All posts tagged Edgeconomy

  • Learning When To Speak

    You’ve noticed that lately, I’ve been writing once a week, if that.

    I read a variety of sources most days, but it takes something special to inspire me to respond in my own words.

    Often, I feel that I don’t know enough about a subject to comment. This is less a fear of failure than an internal quality control, which I referred to when discussing my music writing.

    Having spent several years wrestling with words, concepts and emotions in a private journal, I’ve started to learn when to speak publicly. But I’m still learning.

    The polar approach is to open my mouth and speak about everything that I come across, like the wide-eyed teenager that I used to be. Everything that comes to mind. That drunk guy who I conversed with late last night while waiting for my train home. The costs and benefits of the brand of washing liquid that I use.

    I don’t, though. I alternate between the mindsets. Open versus closed. I know intuitively which of those strategies is bound for success.

    Umair Haque:

    The converse is: you only have to close when your DNA isn’t quite there yet; when the way you manage things still kind of sucks.

    Maybe that it’s it. The way I manage things – my thoughts, my ideas, my words – still kind of sucks. Not that there’s anything wrong with sucking, as long as sucking is a means to an end.

    Some days I’d like to spend a thousand words analysing a minuscule, inconsequential interaction. Or discuss the way that crowds tend to wait near the top of the stairs at a railway station, while the length of the platform remains largely unused. Some kind of public transport normal distribution comparison.

    Maybe my quality control is set too high. Maybe I should be throwing everything at the wall and seeing what sticks. I tried that with my Customer, Serviced posts, which I soon lost interest in.

    That’s the Long Tail theory, right? Instead of publishing a few precious – ‘quality’ – ideas, put it all out there, and I’ll find demand that I hadn’t anticipated.

    We’ll see. Until I better self-manage, I’m inclined to keep my mouth shut.

  • Customer, Serviced #1

    Where?: Australia Post Office, 448 Boundary Street, Spring Hill QLD 4004, Australia.

    When?: May 6 2008, 12pm

    Who?: Female salesclerk (name to be confirmed)

    What?: I made the mistake of visiting the store during the lunchtime rush. The line was fifteen people-deep; the automatic door stayed open due to people standing under the sensor. I’d been uncharacteristically caught without phone credit, and as I was attending a show with a friend that night, I had to recharge to reply to his logistical query.

    Cue fifteen solid minutes of queuing. I silently lamented my lack of foresight to bring reading material, though I hadn’t anticipated the store to be this busy. I passed my eyes across crappy pink stationary a dozen times, and attempted – along with everyone else in the store – to block out the moronic blonde yapping on her phone. “Anyway, I’ve gotta go, everyone in the store can hear me, haha.” No shit.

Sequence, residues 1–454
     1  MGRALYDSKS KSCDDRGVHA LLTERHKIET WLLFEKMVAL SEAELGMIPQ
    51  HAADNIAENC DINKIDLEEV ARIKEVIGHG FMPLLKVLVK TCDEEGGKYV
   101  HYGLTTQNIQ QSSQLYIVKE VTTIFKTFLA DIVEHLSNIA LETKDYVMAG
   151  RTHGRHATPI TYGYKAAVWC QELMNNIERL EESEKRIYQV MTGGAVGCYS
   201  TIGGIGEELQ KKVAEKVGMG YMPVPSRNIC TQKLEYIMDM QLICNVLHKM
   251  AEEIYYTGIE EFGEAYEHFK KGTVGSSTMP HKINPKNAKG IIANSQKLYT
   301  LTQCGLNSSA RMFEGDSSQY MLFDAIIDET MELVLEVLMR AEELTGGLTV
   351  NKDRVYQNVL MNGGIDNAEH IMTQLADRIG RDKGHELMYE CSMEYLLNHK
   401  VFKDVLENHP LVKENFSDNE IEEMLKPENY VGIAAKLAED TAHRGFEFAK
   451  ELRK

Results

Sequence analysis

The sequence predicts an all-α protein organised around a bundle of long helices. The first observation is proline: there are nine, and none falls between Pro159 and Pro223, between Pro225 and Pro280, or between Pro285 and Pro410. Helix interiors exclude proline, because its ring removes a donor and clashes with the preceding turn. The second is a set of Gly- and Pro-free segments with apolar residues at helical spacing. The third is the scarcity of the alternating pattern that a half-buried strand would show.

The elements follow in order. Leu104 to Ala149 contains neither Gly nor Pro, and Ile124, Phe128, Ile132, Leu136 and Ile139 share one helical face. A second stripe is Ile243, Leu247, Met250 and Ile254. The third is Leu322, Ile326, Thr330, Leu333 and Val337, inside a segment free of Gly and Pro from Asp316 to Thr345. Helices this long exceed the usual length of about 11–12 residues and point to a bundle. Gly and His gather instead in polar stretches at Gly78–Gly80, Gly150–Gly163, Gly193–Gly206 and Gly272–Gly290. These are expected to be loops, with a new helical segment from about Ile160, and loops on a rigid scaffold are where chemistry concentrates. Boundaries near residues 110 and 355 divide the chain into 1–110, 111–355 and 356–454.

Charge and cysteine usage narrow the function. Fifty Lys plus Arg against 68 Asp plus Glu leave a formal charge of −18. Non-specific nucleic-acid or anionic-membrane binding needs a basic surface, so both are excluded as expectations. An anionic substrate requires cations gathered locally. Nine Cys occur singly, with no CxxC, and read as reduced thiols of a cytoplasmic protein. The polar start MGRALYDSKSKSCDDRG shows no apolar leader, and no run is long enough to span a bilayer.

By the time I’m served, I’m understandably a little annoyed. I’m a patient dude, but I’d found Australia Post’s customer service to be rather lacking up until this point. It was as if they’d scheduled their employees’ lunch breaks at the same time every other worker in the suburb was on their half-hour, and attempting to post mail – or buy credit.

    I gave a cursory “g’day” to the female salesclerk and requested my service. She complied silently for a moment, before asking – apropos of nothing – how my weekend was. I was taken aback, as the tone in which she asked the question conveyed that she would actually give a shit about my response.

    I responded that I’d had a great weekend; I spent Saturday with my parents and brother, and we all went to a concert together. Though, I neglected to mention a largely unfavourable event I attended on Sunday.

    She enquired about which band we saw – she didn’t know them – then told me that she was glad that I’d enjoyed my weekend. I politely enquired about hers, and she related some brief details about spending time with her kids.

    This exchange took place while she scanned the bPay barcode and waited for the system to produce a serial number for me to enter into Optus’ prepaid system. The line was still fifteen-deep behind me as we shared a friendly moment together within earshot of every other customer.

    What’s remarkable about this customer service experience is that the salesclerk turned an unhappy, impatient person into a happy, smiling customer purely by ignoring the outside noise – fifteen equally unhappy, impatient customers – and listening. In an edgeconomy, listen + respect x trust = loyalty and partnership.

    Yes, this was just one salesclerk putting themselves second and the customer first. I’ll admit, it’s a step to extrapolate one man purchasing phone credit at a corner post office to an entire economic model.

    But – imagine if every customer was treated with equal respect. Imagine if every customer was listened to. Imagine if every solution was customised to fit each individual need. That’s the future we’re aiming for. If we’re not, we should be.

    “The goal of every single interaction should be to upgrade the brand’s value in the eye of the caller and to learn something about how to do better, not to get the caller to just go away.” – Seth Godin discussing telephone customer service, but his message is equally applicable in any related situation.

    Result?: I left the store with a smile on my face. Genuinely nice people are difficult to find – I don’t claim to be one, either – which is why it’s disarming and refreshing to encounter them.